What Our Economists Say:

“The BOJ will be patient, reflecting its confidence that the recent lull in inflation, a 0.7 percent core CPI gain in May — will pass, as a stronger Japanese economy and faster wage growth stoke price pressures. In our view, the BOJ’s next move is most likely to be an incremental boost to its yield-curve targets, possibly around October. The condition for that: core inflation rising to more than 1 percent, and Prime Minister Shinzo Abe making a symbolic declaration of the end of deflation. As such a move would be taken in line with a renewed pickup in inflation in 3Q, real interest rates would be unchanged — implying no pullback in the BOJ’s stimulus.” — Yuki Masujima

Bank of England

  • Current bank rate: 0.50%
  • Forecast for end of 2018: 0.75%
  • Forecast for end of 2019: 1.00%

The BOE is managing a puzzling economy that’s growing more slowly than its peers, combined with record-low unemployment and meager wage growth. It’ll be tricky, but Governor Mark Carney and his colleagues reckon a few interest-rate increases will be needed over the next three years to contain inflation.

Hanging over the outlook is Brexit. A disorderly departure from the European Union could quickly put the BOE back in crisis-fighting mode. The biggest issue now is just the uncertainty about the final outcome as the government continues to negotiate both with itself and Brussels. Carney, who steps down next year, says the central bank will be ready for whatever comes.

What Our Economists Say:

“Above target inflation, an economy operating with very little spare capacity and a policy rate shy of neutral. There are plenty of reasons for the BOE to lift rates, but it remains in wait-and see mode. Why? It wants to be sure that the growth slowdown in early 2018 was temporary. We expect the central bank to be reassured by the data flow, giving it the green light to lift rates again as soon as August.” — Dan Hanson

Bank of Canada

  • Current overnight lending rate: 1.25%
  • Forecast for end of 2018: 1.75%
  • Forecast for end of 2019: 2.38%

Bank of Canada policy makers have been gaining confidence in the resiliency of the current expansion, and this should keep them on an interest rate hiking path that has already produced three increases since the middle of last year. With growth expected to remain above trend, investors expect Governor Stephen Poloz to move three more times by the middle part of next year, staring with another hike at his next rate decision July 11.

Three more increases would bring policy rates back to 2 percent, or zero in real terms once the country’s 2 percent inflation target is factored in. Moving real rates back to zero has become a new yardstick of normalization for Poloz, who claims there is no fundamental reason why borrowing costs should remain in negative territory. But hiking beyond that will require the resolution of a number of lingering uncertainties, including a positive outcome to Nafta negotiations and a steady unwinding of imbalances in the nation’s slowing and pricey housing market.

People’s Bank of China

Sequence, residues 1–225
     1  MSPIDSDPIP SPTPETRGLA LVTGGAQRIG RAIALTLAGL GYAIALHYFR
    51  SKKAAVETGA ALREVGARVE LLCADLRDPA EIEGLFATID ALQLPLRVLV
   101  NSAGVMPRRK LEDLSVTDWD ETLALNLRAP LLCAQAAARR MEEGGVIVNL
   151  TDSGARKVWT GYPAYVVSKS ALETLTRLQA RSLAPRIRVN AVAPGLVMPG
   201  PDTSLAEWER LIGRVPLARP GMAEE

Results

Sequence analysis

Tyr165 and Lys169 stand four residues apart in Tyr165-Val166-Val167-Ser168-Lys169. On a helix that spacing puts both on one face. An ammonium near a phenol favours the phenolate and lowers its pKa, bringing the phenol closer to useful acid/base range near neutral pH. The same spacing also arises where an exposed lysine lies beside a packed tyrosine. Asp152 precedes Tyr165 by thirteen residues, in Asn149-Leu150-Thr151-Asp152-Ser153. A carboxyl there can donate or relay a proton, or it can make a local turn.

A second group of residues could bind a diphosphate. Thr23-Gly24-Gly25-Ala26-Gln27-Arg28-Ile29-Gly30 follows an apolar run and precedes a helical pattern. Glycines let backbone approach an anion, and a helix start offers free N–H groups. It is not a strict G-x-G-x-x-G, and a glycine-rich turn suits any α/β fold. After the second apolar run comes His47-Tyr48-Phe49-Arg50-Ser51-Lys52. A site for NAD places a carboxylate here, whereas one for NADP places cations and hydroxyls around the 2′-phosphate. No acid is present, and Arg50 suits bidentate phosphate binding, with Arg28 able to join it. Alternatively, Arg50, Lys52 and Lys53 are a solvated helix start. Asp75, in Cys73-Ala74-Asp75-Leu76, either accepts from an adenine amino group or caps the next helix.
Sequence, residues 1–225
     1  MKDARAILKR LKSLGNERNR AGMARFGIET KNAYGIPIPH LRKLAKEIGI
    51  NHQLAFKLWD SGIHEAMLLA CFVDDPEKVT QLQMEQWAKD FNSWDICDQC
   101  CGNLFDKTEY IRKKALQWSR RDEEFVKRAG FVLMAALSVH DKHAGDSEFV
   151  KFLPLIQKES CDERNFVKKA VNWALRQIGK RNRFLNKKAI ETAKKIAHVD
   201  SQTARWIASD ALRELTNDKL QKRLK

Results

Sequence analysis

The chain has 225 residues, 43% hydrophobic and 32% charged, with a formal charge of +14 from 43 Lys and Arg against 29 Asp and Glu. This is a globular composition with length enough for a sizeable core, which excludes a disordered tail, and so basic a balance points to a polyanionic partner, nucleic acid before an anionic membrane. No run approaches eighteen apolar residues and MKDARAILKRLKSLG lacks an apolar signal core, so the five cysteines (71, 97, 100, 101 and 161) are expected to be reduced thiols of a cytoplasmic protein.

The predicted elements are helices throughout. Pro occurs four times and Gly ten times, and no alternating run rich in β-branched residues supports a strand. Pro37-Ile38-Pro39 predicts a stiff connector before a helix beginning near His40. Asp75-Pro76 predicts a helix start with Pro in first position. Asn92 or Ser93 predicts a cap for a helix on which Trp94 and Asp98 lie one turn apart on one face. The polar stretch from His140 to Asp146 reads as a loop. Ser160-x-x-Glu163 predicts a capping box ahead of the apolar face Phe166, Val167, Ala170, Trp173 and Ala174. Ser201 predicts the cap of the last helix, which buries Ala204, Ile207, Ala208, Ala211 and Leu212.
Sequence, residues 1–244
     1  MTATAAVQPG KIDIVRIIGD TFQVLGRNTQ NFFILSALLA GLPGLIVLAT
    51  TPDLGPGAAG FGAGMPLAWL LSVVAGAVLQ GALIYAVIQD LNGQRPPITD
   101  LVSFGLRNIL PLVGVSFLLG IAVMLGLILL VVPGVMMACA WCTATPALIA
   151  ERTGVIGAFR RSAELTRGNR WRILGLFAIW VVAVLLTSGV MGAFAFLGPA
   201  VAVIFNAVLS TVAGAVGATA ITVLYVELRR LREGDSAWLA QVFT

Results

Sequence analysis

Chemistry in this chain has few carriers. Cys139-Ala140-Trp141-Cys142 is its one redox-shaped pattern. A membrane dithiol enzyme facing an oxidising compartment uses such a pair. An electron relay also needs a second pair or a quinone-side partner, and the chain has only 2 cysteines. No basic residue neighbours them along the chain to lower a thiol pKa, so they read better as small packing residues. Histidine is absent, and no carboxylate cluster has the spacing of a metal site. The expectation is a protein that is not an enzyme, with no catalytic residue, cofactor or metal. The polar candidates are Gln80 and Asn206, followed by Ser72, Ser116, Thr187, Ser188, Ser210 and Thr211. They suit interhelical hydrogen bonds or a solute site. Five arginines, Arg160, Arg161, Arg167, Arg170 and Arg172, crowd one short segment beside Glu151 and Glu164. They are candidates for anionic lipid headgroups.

• Current 1-year best lending rate: 4.35%
  • Forecast for end of 2018: 4.35%
  • Forecast for end of 2019: 4.35%

The People’s Bank of China is leaning toward an easing bias with more cuts of reserve-requirement ratios in the pipeline this year. The policy tweaks come amid a slowing domestic economy that’s complicated by rising trade tensions with the U.S. Still, policy makers won’t have too much leeway for adjustments as they’d also need to contain debt growth.

That dilemma has prompted the PBOC to tighten with one hand and loosen with the other. It has pledged to use monetary policy tools comprehensively and increase funding supply to smaller firms to support growth and fend off external shocks. Yet it also refrained from raising borrowing costs in open market operations in June even as the Fed tightens. The central bank’s balancing act may also be complicated by moves in the currency, with June’s slump in the yuan bringing echoes of the 2015 devaluation.

What Our Economists Say:

“The balance of concerns for the People’s Bank of China is shifting back toward supporting growth. That’s reflected in recent moves to cut the reserve requirement ratio — providing more funds for lending, and the decision to keep rates on hold following the Fed’s June hike — breaking the past pattern. The PBOC is not about to open the lending floodgates — deleveraging remains a priority. It does appear concerned about recent signs of fading investment, more corporate defaults, and the growing risk of trade war. Expect more targeted support — as the PBOC attempts to combine minimal stimulus with maximal reform.” — Tom Orlik

Reserve Bank of India

  • Current repo rate: 6.25%
  • Forecast for end of 2018: 6.50%
  • Forecast for end of 2019: 6.50

India’s central bank just raised rates for the first time since 2014 and minutes of the meeting show that all members of the rate-setting panel believe the nation’s economic recovery is strong enough to boost inflation. The threat of costlier oil fanning consumer prices and, with the output gap closing, inflation risks are rising.

That lends support to calls the RBI will gradually tighten monetary policy in coming months. The swap markets are pricing in at least two more hikes in the current cycle. Still, some economists see this as a one-and-done increase and expect the central bank to adopt a long pause.

What Our Economists Say: